I only have mine coming on once a day in the evening. I have the large room downstairs switching on cira 3 hours before I am due to get home and the other, smaller rooms 2 hours before. I did have everything coming on 2 hours before but I found that the largest room needed to come on earlier or it wasn't at the desired temperature when I got home. Everything switches off a couple of hours before I go to bed and the temperature hasn't dropped at all in that time. I don't bother with heating in the morning mainly because it only drops a degree or so overnight, the TS still contains enough hot water to use the shower, and I'm generally rushing around getting ready for work and don't need extra heat. I don't have an ASHP but that method works for me to keep electric bills manageable. My set temperature is also set at 16C but I've never know the temperature drop below that during the day so it just switches on again as normal in the evening. At weekends I have different times set and do have it on in the morning. 

 

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In the days when I had a proper 9-5 (well 8-4) job, there was 25 minutes between the alarm going off and me leaving the door,  Morning heating was irrelevant.

 

Now we both work part time and variable hours it just makes so much more sense to heat the house all day, but then it is so well insulated it hardly cools down much when off at night.

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I found this table that gives the heat output depending on your flow temperature and the distance between the UFH pipes, your flow temperature is lower than the lowest quoted figure.

 

https://www.tradingdepot.co.uk/info/plumbing/polypipe/underfloor-heating-heat-output-tables/

 

The formula to calculate heat output is here, it depends on the temperature differential between the floor and the room.

 

http://heating.danfoss.com/pcmpdf/handbook_planning_vgctc202.pdf

 

At a rough guess you are putting out only 20-25W/Sq Metre. Assuming that you have 160 square metres of heated floor, your heat output is between 3 and 4 kW per hour.

 

With your heating on 9 hours per day, you would get around 30-35 kWh of output. Admittedly you should also be using a lot less electricity than you are using if this is the case also.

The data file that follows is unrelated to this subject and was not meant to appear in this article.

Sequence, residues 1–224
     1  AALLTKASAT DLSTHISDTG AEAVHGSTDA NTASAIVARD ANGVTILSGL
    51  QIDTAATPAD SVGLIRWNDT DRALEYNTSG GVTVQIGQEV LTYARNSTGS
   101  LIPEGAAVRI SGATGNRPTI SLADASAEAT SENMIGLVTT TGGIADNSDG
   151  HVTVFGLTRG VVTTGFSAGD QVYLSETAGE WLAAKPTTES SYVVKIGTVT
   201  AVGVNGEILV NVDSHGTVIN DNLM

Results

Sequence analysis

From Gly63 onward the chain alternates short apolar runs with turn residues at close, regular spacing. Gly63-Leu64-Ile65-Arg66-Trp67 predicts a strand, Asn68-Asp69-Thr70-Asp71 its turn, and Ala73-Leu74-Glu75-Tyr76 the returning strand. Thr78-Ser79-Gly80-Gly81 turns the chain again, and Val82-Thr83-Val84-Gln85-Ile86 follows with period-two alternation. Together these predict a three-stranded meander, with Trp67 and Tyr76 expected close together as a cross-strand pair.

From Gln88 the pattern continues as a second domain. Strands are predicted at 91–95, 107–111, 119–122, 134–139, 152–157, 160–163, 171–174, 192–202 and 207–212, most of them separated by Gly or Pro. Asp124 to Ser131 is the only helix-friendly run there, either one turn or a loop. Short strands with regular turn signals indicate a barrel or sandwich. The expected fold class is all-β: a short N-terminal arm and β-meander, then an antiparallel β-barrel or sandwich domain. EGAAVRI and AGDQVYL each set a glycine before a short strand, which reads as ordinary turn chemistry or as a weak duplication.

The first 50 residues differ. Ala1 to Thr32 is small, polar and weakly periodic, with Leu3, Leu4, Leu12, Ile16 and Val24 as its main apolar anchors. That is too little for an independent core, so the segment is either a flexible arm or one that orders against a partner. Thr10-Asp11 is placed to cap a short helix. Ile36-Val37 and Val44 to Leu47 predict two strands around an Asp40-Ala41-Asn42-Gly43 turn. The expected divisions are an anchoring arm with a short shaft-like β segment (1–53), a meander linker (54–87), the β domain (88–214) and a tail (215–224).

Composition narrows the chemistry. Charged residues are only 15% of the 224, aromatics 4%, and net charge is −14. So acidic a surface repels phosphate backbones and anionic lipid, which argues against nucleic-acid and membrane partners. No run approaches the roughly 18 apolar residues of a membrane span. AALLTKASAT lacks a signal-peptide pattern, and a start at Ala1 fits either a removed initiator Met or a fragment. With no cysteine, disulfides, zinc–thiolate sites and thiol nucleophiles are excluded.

This is not enough to heat your house according to the SAP calculation and according to figures I input into the heat loss calculator.

 

The SAP calculation is 12000kWh per year, I suspect it may be 14000kWh with higher air leakage.

 

Assuming 6 months of heating, that is around 70kWh a day and probably up to 100kWh when it is cold outside. You would need to run the heating 24 hours a day to get close to this output. You also need to be able to overcome the heat loss at any one time which is likely much higher than your current output.

 

My guess is that running the heating from 430am to 930pm each day with a flow temperature of around 38C would be needed to heat your house when it is below 0, that would put out up to around 100kWh a day. If it was warner outside the thermostats would kick in and you would use less electricity. I am making an enormous number of assumptions here on floor coverings, area of UFH, pipe spacing etc.

 

Turning the temperature down to 16C is too low as a set back number, 21C during the day and 18C at night might be better.

 

The weird thing is that running the heating this much should use no more electricity than you are using at the moment. There could be some weird inefficiency coming in that I am missing or it is something else that is affecting your consumption.

 

Your insulation figures aren't that great nowadays, particularly the downstairs and window figures. Still though it is probably the air leakage that you can reduce. Halving the air leakage would cut your electricity usage by around 20% I would guess.

 

 

 

 

 

 

 

 

 

 

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I put together a spreadsheet to calculate UFH heat output that I've posted here a few times:  Floor heat loss and UFH calculator.txt

 

(save the file then edit the suffix to .xls - the forum software doesn't allow spreadsheet files as attachments)

 

 

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Thanks @JSHarris. That is pretty consistent with my guesstimates. I was looking for about around 37 W/m Sq to get 100kWh per day output running for 17 hours a day. This would be the maximum output of the system and then if less is needed the thermostats should kick in and switch it off. This is confirmed by your spreadsheet as requiring a flow temperature just below 25C.

 

I reckon that would keep the house at 21C down to about -5C outside.

 

To be more accurate I would need the area of floor with UFH in it, I only know that the total floor area is 230sq m and that downstairs is larger than upstairs so I have taken a guess at 160 sq metres of UFH.

 

Using the table I attached, to get 37W/m would need 39C flow with 200mm pipe spacing and 37C flow with 100mm spacing, roughly 38C with 150mm spacing. I don't know the spacing figure.

 

The key figure is 100kWh per day of maximum output. You can then work back from the length of time the heating is switched on, UFH heated area and pipe spacing to get the flow temperature.